On 7 December took place an Aldus seminar on innovation models in book fairs, organised by Ediser, the services company of the Italian Publishers Association, at Più Libri Più Liberi, the Rome Book Fair dedicated to small- and medium-sized publishers. Chaired by journalist Stefano Salis from “Il Sole 24 Ore”, the event, called “Book fairs and exhibitions in Europe”, focused on different book fair experiences, presented by Holger Volland, Vice President of the Frankfurt Book Fair, Henrique Mota, President of the Federation of European Publishers and Member of the Board of the Portuguese Publishers and Booksellers Association, and Antonio Monaco, President of the Small Publishers Group at the Italian Publishers Association.
Mr Salis opened the discussion by remarking how the Rome Book Fair had become an international appointment and how he had witnessed changes in the publishing market throughout the years there. He stated that as the book industry was changing, also in the ways books are produced and promoted, book fairs were more and more the highlight events of this most advanced cultural industry, where professionals meet, exchange ideas and find out what’s going on. He then introduced the speakers, stressing that the Frankfurt Book Fair is the most important in the world, the Lisbon Book Fair has developed in interesting ways, and the Rome Book Fair is a rare example of its kind.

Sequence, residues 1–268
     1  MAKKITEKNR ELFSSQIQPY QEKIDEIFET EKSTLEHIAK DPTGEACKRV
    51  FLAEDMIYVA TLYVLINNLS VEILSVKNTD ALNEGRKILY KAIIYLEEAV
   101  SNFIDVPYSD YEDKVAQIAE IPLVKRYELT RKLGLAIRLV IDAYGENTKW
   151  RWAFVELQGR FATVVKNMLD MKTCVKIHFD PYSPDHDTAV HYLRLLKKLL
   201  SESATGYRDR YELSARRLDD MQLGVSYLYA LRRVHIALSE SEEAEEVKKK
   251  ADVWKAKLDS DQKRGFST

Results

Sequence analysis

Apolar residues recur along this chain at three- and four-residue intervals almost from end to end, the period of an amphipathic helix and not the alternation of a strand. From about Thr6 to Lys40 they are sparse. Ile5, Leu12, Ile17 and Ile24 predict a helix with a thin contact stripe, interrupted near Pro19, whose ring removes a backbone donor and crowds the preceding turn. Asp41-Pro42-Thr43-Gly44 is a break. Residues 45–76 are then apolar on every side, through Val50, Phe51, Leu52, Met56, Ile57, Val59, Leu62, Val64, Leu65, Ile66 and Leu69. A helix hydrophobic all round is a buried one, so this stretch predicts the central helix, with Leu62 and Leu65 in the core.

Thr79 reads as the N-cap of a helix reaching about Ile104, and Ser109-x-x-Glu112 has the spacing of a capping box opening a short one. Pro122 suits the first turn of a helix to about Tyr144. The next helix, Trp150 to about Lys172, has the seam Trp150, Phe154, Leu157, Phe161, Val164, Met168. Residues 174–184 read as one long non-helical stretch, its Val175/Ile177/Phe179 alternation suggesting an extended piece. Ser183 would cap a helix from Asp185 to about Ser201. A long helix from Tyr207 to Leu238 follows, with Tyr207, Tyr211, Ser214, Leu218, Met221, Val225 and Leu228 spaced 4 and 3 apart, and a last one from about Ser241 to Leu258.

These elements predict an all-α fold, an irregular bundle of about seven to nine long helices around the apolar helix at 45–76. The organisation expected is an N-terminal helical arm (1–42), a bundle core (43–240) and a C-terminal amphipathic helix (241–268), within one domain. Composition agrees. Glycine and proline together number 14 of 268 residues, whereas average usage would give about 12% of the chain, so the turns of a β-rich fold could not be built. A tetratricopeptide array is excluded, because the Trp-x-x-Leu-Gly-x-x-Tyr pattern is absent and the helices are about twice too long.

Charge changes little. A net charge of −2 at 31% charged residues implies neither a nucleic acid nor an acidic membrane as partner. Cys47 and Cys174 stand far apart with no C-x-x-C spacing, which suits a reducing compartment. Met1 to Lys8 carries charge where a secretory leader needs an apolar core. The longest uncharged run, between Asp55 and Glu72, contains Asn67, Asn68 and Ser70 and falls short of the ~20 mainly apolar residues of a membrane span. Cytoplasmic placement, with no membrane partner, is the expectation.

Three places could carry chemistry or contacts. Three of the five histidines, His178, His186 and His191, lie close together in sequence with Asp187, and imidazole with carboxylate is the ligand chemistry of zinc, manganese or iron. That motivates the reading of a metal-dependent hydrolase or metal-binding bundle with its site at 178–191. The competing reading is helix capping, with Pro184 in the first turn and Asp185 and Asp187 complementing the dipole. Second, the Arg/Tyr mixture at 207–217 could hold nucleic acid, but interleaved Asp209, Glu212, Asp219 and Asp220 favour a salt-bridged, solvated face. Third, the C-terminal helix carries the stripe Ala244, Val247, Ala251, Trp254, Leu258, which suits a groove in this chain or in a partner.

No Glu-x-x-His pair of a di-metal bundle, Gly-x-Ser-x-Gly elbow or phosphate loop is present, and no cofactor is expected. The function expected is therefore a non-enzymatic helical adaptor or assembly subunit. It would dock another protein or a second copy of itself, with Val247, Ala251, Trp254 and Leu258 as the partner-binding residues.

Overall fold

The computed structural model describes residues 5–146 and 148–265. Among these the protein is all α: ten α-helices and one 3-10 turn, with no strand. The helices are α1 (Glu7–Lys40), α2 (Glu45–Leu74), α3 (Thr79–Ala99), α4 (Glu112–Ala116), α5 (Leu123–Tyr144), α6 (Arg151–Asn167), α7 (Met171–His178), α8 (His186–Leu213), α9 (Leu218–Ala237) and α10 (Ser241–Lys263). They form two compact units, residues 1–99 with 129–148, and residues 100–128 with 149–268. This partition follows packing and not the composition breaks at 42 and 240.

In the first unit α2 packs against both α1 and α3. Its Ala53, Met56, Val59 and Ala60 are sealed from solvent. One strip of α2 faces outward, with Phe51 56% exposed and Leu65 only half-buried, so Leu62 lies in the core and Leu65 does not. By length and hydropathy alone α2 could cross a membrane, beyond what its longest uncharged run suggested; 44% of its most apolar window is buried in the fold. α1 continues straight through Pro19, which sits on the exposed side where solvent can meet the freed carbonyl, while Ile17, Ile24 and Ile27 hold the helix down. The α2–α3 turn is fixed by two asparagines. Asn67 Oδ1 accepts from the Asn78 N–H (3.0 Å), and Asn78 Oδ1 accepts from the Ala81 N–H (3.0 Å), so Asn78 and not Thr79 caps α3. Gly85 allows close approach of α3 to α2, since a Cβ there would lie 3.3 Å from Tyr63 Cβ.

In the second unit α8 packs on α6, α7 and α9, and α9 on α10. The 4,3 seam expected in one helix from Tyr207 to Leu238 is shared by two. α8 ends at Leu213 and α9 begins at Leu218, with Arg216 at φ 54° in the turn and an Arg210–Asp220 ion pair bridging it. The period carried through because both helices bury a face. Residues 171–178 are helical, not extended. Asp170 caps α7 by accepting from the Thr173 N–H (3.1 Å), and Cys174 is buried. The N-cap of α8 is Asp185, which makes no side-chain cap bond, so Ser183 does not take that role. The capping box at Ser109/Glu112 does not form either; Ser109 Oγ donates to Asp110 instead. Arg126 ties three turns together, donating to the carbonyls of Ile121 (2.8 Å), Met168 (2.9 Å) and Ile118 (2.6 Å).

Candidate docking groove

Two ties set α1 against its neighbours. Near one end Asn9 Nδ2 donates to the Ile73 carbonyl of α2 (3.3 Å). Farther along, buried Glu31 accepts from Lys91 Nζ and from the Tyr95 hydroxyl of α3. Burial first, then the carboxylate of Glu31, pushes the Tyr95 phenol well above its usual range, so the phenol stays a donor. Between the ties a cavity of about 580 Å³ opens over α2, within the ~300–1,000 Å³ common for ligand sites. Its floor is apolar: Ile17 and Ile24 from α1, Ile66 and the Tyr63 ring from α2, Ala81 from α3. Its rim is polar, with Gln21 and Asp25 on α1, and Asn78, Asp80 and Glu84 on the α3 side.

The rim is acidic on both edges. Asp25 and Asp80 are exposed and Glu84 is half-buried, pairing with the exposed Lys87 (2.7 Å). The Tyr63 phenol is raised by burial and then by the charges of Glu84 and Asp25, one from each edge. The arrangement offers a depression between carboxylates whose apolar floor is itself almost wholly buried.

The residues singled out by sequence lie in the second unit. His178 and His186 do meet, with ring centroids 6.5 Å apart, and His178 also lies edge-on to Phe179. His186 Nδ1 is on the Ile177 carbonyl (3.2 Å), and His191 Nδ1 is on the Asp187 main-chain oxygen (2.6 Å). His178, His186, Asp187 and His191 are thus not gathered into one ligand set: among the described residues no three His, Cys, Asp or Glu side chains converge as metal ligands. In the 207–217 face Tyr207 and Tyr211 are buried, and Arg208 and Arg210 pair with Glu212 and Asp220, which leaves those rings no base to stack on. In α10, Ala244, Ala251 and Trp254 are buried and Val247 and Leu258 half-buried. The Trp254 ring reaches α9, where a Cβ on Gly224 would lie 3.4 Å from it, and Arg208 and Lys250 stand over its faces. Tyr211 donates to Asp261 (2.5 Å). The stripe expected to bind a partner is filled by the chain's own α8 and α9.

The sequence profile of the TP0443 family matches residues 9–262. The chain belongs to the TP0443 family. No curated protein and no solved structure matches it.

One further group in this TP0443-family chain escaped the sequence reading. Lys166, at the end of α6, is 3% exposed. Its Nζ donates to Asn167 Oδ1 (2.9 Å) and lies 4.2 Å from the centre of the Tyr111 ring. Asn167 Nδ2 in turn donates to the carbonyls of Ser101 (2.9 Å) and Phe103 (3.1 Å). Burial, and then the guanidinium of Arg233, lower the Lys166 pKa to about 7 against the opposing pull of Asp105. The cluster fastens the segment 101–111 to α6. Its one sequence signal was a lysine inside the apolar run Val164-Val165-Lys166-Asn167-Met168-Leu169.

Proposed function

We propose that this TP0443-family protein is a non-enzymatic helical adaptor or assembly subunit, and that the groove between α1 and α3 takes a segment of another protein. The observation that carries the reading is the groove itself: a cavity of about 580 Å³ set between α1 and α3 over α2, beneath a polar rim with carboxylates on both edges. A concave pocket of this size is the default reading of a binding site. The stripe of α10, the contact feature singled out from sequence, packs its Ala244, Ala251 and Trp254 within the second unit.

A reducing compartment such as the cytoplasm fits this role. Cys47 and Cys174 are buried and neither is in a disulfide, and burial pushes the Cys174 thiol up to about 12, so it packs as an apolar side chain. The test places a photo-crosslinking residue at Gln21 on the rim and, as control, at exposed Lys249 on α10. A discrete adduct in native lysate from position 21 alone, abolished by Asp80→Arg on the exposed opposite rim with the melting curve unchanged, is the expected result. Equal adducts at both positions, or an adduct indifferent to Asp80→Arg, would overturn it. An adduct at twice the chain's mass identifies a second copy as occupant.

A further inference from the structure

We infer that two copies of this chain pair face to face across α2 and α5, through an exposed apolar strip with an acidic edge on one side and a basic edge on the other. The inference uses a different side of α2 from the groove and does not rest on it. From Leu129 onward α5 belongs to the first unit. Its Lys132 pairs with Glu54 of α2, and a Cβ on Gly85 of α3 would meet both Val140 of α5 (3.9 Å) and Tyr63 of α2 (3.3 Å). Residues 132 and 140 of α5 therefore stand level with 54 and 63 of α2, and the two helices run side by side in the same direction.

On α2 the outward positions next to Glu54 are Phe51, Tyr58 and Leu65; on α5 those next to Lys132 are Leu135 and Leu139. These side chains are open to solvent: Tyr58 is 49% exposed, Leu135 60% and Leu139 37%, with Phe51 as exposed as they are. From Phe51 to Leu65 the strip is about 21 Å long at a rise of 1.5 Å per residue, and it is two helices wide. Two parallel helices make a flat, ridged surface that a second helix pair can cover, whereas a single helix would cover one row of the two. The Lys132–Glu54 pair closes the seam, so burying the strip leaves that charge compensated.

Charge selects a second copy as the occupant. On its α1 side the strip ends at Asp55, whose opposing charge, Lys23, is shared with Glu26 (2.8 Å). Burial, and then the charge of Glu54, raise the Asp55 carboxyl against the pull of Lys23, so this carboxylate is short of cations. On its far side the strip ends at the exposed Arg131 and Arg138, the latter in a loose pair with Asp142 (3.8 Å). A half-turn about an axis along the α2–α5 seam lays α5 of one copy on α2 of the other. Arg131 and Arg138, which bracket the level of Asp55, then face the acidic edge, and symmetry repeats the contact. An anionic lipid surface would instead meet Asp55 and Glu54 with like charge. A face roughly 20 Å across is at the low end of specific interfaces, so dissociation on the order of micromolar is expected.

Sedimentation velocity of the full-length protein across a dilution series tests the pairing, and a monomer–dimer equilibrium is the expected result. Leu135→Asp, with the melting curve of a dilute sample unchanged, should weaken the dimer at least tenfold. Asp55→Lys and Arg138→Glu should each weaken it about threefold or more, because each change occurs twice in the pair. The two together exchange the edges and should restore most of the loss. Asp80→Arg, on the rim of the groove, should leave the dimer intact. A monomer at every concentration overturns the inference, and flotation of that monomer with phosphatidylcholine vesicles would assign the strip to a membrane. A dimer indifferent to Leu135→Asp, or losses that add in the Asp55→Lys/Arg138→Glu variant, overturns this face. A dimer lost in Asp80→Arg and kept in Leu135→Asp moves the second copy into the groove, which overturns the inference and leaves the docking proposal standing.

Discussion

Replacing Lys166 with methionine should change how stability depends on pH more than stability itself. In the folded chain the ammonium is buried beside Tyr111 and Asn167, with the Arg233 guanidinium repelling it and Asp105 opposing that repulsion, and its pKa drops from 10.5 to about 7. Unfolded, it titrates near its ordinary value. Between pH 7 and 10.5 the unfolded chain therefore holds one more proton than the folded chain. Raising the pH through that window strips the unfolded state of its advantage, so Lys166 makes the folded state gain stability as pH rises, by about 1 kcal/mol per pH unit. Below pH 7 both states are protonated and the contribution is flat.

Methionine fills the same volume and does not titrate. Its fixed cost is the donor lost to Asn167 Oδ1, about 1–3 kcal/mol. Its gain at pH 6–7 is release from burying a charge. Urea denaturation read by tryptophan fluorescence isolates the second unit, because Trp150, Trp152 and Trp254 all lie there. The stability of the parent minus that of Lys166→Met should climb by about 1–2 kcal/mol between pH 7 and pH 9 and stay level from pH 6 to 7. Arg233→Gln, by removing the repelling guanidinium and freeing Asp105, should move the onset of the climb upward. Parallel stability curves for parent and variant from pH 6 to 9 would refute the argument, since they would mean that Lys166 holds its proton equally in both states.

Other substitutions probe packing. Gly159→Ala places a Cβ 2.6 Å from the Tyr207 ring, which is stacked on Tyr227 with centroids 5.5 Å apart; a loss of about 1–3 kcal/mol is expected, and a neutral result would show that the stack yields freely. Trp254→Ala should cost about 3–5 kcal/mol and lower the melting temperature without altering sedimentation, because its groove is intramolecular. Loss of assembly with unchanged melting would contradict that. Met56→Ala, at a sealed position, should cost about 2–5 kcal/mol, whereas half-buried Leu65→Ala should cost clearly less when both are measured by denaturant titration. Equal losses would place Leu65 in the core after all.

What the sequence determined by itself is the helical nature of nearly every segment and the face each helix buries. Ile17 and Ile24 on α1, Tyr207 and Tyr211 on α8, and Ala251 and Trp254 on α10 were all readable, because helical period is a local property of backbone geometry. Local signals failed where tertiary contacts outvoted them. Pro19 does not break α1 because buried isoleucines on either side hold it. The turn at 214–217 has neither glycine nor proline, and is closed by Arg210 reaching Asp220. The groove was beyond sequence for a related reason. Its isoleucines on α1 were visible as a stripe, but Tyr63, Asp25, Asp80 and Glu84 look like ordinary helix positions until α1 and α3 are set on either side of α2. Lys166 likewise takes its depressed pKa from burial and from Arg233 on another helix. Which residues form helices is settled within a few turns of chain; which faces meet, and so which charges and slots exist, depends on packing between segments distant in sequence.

Mr Salis first asked Mr Volland to describe the experience of the Frankfurt Book Fair: what it represented, what was currently happening and how it was accompanying the changes in the book sector.
Mr Volland introduced the Frankfurt Book Fair as a very old one (more than 500 years) and stated that all innovations in book fairs generally reflected innovations in the industry. To illustrate the point, he explained that 500 years ago books were shipped in barrels, thus requiring a lot of shelf space; hence the first innovation in Frankfurt was a fair with bound books instead of barrels. In recent times, 540 years later, the Frankfurt Book Fair shifted from a bookselling fair to an occasion for booksellers to order books, so it had to move towards a professional event. Then again, some 10 years later, it had to change again, as on one hand the internet hugely facilitated the placing of orders, while on the other were looking for a place for trading rights (translations, etc.); hence the Fair launched its Literary Agents & Scouts Centre (LitAg), the largest rights and licensing centre in the world (with more than 500agencies present, in 2016 more than 100,000 individual meetings took place there). The next big innovation was the e-book – Mr Volland explained – so the Fair invented the Hot Spots, to bring the technology to the publishers. Then, 8 years ago, they noticed many visitors came from the film and game sectors, and were interested in buying stories (20% of Hollywood blockbusters are adaptations), so they created a section for this kind of exchange as well, an exhibition area called Storydrive. Finally, in 2016 the Fair introduced The Arts+, the furthest they ever got from the notion of book fair, dealing with cultural content in general. Mr Volland concluded expressing the hope for this not to be the end of the Fair’s innovations and announcing that they will carry out a survey among creative sectors to ask how they do business development and innovation.